BACKGROUND OF THE INVENTION

This invention generally relates to displays, and the preparation, or fabrication of a display devices, and more specifically to robust and reflective flexible display devices, and sheets thereof comprised of small spheres encapsulated with a wax, for example, wherein small is for example, from about 2 to about 150 microns in volume average diameter as measured by the Coulter Counter, and more specifically wherein the wax encapsulated sphere is comprised of a bichromal sphere encapsulated within a hydrocarbon wax, and wherein the wax encapsulated spheres are dispersed in an elastomer or plastic membrane with a plastic conductive coating such as indium tin oxide.

The displays are useful in generating images, which can be stored or erased and more specifically the display devices or devices function by rotating a bichromal sphere by an external field to create the image.

PRIOR ART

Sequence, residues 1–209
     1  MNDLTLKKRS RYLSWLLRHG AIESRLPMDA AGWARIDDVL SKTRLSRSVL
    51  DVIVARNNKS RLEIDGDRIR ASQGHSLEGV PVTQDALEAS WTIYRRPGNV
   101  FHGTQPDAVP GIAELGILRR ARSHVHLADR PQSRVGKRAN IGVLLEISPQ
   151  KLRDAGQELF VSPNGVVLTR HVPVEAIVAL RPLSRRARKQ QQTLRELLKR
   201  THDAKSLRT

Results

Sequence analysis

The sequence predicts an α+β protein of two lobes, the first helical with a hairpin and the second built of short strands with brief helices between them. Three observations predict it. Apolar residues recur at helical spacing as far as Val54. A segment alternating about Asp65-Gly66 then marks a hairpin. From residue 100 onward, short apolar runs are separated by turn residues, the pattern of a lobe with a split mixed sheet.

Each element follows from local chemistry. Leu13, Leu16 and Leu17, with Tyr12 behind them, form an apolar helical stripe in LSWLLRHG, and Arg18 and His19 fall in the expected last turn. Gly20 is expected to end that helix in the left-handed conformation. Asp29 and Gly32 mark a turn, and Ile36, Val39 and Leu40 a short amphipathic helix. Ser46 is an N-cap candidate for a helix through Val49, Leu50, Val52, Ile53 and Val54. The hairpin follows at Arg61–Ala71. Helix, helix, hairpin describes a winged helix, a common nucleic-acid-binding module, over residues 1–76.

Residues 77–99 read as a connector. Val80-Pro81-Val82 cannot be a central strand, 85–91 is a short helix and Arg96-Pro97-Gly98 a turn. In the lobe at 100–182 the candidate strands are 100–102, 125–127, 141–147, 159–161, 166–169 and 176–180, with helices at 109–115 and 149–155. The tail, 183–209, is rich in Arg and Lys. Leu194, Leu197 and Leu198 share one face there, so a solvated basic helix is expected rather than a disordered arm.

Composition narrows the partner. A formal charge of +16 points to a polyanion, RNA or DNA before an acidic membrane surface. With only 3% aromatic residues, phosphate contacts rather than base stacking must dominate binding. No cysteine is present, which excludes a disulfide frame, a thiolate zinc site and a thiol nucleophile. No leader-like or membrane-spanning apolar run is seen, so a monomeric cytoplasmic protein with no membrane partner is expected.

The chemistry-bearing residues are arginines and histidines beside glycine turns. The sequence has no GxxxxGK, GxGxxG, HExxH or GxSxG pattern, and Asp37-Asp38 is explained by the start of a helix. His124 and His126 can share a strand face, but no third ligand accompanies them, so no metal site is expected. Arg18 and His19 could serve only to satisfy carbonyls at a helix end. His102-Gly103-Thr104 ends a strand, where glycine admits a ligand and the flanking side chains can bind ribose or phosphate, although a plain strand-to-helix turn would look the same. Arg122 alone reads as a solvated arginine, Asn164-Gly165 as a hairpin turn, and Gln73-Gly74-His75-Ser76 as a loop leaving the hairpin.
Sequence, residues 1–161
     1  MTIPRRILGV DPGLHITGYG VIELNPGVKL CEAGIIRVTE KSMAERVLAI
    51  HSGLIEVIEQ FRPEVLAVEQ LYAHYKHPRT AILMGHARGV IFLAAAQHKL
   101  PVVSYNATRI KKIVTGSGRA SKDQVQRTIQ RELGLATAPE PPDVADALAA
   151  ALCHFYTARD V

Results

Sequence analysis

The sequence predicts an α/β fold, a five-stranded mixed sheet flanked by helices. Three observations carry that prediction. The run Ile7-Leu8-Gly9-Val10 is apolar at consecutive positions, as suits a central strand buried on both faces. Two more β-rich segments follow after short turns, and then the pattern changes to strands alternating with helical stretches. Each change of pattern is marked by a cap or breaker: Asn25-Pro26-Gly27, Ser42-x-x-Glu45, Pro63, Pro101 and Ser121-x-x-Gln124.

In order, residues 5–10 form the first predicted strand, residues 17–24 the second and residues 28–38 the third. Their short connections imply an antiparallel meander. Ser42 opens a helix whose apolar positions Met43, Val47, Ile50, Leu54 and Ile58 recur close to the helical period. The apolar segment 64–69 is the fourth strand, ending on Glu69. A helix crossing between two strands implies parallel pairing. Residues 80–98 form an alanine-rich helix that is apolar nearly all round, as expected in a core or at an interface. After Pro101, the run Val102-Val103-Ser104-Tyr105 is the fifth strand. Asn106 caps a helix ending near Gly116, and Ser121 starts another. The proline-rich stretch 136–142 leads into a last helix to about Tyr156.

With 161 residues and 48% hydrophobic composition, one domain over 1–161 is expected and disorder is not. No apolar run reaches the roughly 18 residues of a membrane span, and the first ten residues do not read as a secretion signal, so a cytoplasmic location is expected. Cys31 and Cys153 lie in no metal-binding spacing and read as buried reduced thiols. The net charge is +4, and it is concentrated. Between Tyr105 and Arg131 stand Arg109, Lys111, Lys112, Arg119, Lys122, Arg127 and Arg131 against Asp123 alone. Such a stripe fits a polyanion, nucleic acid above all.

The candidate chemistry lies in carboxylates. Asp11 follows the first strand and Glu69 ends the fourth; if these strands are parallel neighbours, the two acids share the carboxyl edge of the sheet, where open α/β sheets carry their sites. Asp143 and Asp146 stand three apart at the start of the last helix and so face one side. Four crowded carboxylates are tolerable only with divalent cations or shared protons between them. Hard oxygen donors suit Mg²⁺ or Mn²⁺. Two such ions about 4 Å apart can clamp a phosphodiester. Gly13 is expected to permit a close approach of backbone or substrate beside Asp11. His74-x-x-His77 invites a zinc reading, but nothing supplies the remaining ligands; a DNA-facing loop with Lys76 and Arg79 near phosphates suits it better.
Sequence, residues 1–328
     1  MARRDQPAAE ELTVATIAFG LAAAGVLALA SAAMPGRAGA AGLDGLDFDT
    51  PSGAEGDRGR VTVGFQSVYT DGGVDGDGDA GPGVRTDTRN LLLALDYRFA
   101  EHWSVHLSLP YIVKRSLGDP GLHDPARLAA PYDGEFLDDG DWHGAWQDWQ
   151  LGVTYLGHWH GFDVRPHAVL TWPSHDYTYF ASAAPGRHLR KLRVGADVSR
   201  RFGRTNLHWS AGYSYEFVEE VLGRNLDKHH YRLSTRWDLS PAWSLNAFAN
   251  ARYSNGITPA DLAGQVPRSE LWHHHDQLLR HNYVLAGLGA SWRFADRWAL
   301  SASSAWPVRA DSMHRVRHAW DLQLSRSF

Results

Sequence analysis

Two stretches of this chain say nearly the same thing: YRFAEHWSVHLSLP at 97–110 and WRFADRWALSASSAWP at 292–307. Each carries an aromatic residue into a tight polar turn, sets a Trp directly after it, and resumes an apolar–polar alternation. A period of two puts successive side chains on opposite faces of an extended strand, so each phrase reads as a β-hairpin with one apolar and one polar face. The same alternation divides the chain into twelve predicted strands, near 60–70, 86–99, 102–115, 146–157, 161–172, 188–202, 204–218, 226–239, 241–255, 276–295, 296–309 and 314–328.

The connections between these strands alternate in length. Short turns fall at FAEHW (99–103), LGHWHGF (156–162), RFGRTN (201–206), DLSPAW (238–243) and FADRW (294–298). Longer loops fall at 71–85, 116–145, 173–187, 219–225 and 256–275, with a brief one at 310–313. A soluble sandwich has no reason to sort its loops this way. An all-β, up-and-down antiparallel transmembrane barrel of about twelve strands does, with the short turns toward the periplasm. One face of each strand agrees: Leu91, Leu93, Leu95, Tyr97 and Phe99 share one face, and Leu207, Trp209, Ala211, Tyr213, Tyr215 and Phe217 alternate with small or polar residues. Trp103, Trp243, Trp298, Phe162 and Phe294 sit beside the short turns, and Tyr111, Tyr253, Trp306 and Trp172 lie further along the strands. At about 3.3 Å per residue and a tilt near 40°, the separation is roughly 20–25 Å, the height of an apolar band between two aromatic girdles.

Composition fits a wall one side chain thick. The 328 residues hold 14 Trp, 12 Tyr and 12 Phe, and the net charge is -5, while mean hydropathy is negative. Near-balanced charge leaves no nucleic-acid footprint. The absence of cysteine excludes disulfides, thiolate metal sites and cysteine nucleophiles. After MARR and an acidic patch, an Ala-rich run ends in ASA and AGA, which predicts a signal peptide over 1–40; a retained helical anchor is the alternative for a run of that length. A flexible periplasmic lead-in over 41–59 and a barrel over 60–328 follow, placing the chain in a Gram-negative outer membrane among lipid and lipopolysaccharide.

Electric Paper or twisted ball panel display devices are known and are described, for example, in U.S. Pat. Nos. 4,126,854; 4,143,103; 4,261,653; 4,438,160; 5,389,945, the disclosures of each of which are totally incorporated herein by reference, and wherein the devices are generally comprised of an elastomer, such as a cured polysiloxane, sandwiched between two ITO coated substrates, such as glass or MYLAR™, and wherein the elastomer layer has closely packed cavities containing a bichromal sphere suspended in a dielectric liquid. The image is formed by the application of an electric field, which rotates the bichromal sphere differentiated by the different static properties induced by the pigment contained in the sphere and resulting in contrasting zeta potentials of the two colored hemispheres of the sphere. It is the difference in zeta potentials between the hemispheres of the ball which causes the ball to act like a dipole in the presence of an electrical field, causing the ball to rotate, until its dipole vector lines up with the direction of the electrical field established between opposed electrodes. In addition to the dipole charge distribution found on the bichromal ball in the presence of an electric field, there is also a monopole charge which is the net electrical charge of the entire ball. As a result of the monopole charge, the ball is caused to move in the direction of the electrical field and will rest and be retained against a cavity wall. In order for the ball to rotate easily in the liquid within the cavity, due to the dipole charge, it is moved from contact with the cavity wall. When at rest against the cavity wall, friction and other forces will prevent it from rotating until it has been moved away again, due to the monopole charge. It is this feature which primarily enables long term, that is indefinite image retention in the display device if undisturbed or not handled by force. However, the aforementioned electric paper devices are not believed to be robust and suffer with respect to image retention when handled. More specifically, the image formed on the above prior art displays can deteriorate by touching it, especially if the user has built up a static charge, by rubbing over the image, dropping the display device on a surface or by carrying it. This loss in image retention is caused by the insufficient lack of adhesion of the bichromal sphere onto the elastomer, and wherein the spheres detachment from the cavity surface suspends the bichromal sphere in a low viscosity medium thus allowing the sphere to rotate uncontrollably within the liquid cavity. The robust flexible display device of the present invention, possesses minimum, or substantially no image deterioration when handled by the user. More specifically, the display device of the present invention contains a solid wax encapsulating the bichromal sphere, hence not allowing the for the sphere to move or minimizing movement within the cavity.